In that article, I emphasised that alignment with management was important. I showed how both the Chairman and the CEO had millions of shares. I said:
“One gets some comfort from the fact that the leadership is well aligned and the listed entity (previously CML, and before that Careers MultiList) has existed for very many years. That isn’t a sign of success but it does mean that the leaders have stewarded a business for many years without blowing up, defrauding people, or coming into severe disrepute. That is especially valuable given investing in an invoice financing business is to trust the judgment of the people running it.”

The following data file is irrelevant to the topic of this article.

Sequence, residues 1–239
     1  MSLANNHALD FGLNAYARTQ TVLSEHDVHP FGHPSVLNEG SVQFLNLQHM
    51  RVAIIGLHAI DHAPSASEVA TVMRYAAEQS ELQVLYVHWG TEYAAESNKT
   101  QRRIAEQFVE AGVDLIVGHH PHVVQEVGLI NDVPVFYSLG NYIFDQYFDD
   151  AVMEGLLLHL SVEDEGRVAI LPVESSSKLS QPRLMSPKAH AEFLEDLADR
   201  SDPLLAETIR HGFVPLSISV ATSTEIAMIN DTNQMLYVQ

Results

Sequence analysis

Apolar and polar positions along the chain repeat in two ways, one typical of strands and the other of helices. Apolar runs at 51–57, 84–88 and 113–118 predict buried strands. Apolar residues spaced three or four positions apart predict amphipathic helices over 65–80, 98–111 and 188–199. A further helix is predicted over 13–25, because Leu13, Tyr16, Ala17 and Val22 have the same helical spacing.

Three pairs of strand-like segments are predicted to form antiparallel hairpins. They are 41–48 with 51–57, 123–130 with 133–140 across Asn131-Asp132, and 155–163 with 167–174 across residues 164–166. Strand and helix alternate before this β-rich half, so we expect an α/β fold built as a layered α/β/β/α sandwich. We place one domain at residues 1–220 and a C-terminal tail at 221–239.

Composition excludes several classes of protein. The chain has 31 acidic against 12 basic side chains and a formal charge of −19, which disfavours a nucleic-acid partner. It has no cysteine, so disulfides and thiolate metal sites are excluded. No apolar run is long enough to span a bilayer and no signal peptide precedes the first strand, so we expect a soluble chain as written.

The new Chairman Geoff Sam OAM owns around $1m worth of shares, but he has also been a shareholder of Paragon Care (ASX: PGC) since 2016. In the years since he joined the board, earnings per share have fallen considerably, and so has the share price.
However, the appointment of James Beeson is definitely sensible, as it would be hard to imagine a better candidate. He jointly holds 15,652,453 EPY shares (4,318,989 as consideration for Skippr and 11,333,464 purchased on-market) which represents 5.45% of Earlypay Limited’s issued capital.
On the one hand, I think that this transition has been handled very well, and it doesn’t seem problematic to me. On the other hand, we won’t know if Greg Riley starts selling is 17 million shares, once he leaves the board in November. Furthermore, the actual outlook for the economy isn’t great.